[Clayart] The "Throw it away" mentality.

Ken Chase kchase235 at gmail.com
Tue Oct 11 19:58:49 EDT 2016

I have to chime in here. I've learned a lot
On this forum. So many have assisted in my
Education. None more than Snail. Her gift of communicating information is unmatched.
I save her posts like each was the Holy Grail.
Best to all

Sent from my iPad

> On Oct 11, 2016, at 1:19 PM, Snail Scott <claywork at flying-snail.com> wrote:
>> On Oct 11, 2016, at 12:20 PM, Randall Moody <randall.moody at gmail.com> wrote:
>> As to the idea "It should have been "why do people
>> feel the need to answer questions that aren't asked and not answer
>> questions that are asked”...
> And since Randall wasn’t actually asking…  ;)
> This is a forum with a lot of readers, many of whom are ‘lurkers’. Some 
> people may not be ready to ask questions, whether through shyness, a 
> sense that they ought to look it up elsewhere first, thinking the topic is 
> unworthy, or perhaps simply not having thought of the question previously. 
> Further, although the pace of on-line discussion is a rapid one, the 
> archives will be around long afterward, as a resource for those who’ve 
> forgotten the details or who weren’t around for the original discussion in 
> the first place.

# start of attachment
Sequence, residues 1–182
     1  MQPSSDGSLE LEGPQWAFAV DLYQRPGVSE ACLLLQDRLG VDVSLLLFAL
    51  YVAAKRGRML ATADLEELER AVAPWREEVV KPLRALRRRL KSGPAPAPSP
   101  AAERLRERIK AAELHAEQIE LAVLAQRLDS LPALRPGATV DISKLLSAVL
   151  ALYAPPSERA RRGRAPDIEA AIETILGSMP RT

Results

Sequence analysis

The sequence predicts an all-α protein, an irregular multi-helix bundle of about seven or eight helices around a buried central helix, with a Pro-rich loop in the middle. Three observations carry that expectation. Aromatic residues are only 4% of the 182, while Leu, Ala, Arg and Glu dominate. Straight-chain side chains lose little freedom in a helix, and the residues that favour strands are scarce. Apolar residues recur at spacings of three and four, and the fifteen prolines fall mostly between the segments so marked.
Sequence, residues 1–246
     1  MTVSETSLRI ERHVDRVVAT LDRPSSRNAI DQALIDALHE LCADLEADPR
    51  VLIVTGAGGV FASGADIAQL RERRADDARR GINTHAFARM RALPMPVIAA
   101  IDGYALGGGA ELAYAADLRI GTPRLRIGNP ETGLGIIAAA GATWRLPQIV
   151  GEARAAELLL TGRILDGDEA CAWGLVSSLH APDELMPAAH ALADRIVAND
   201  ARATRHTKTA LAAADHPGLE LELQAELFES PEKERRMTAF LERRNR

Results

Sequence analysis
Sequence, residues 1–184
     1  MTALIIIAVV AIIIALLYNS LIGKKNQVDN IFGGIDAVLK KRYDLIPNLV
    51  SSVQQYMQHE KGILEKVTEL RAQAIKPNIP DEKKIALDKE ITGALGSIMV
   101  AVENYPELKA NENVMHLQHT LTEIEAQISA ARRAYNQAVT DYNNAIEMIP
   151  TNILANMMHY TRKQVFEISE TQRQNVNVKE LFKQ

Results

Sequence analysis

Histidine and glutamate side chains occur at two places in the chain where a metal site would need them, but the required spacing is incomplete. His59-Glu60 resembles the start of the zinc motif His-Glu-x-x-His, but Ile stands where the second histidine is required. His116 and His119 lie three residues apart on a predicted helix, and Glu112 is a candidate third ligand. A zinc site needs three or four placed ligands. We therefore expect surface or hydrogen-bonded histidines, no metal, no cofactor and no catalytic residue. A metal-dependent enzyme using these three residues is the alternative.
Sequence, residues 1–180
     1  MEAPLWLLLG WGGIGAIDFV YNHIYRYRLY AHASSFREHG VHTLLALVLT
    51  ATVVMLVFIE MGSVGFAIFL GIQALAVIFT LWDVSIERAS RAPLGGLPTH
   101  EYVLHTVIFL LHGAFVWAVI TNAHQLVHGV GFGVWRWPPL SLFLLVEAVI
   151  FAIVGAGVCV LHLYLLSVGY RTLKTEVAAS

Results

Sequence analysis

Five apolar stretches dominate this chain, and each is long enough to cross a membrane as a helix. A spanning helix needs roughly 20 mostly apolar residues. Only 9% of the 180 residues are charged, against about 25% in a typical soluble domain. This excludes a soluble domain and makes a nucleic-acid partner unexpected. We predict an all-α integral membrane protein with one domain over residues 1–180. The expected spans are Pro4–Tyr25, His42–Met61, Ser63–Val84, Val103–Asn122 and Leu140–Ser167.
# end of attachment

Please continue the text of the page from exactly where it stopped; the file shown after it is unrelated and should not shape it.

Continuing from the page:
> When I answer a question, I do usually go beyond the scope of the 
> stated request. I’m appallingly long-winded (long-typing?) at times, too. 
> And I’m not giving it up here. (Hah.) Not even apologizing on Yom Kippur...
> I do it for a number of reasons. I do it partly because the answer will remain 
> in the archives for others, and it might as well address related issues that 
> a hypothetical future searcher might have, and not just the laser-focused 
> initial query. Other readers of Clayart may find that they have similar (but
> not identical) issues that they haven’t asked about personally, so why not 
> expand a bit on the topic, into that peripheral, related (but unasked) zone?
> Nobody’s gotta read it all, anyway.  Also, the person who asked the initial 
> question may not have been entirely certain of what they wanted. 
> (Paraphrasing the ‘Hitchhikers’ Guide to the Galaxy': ‘Did you really know 
> what the question was?’)  When a topic is new or unfamiliar, it’s easy 
> for the wording of a question to seem definite, when the intent was actually 
> more general or vague, or even worded in an accidentally misleading way. 
> Putting more information into the response than was actually requested 
> increases the chance that the real question will be better addressed, and 
> maybe even some questions that would stem from the response. And let’s 
> add to thislist the fact that sometimes the question is simply misunderstood.
> This is a discussion list, not a digital answer ‘bot, and surely no info is truly 
> wasted.
>          -Snail
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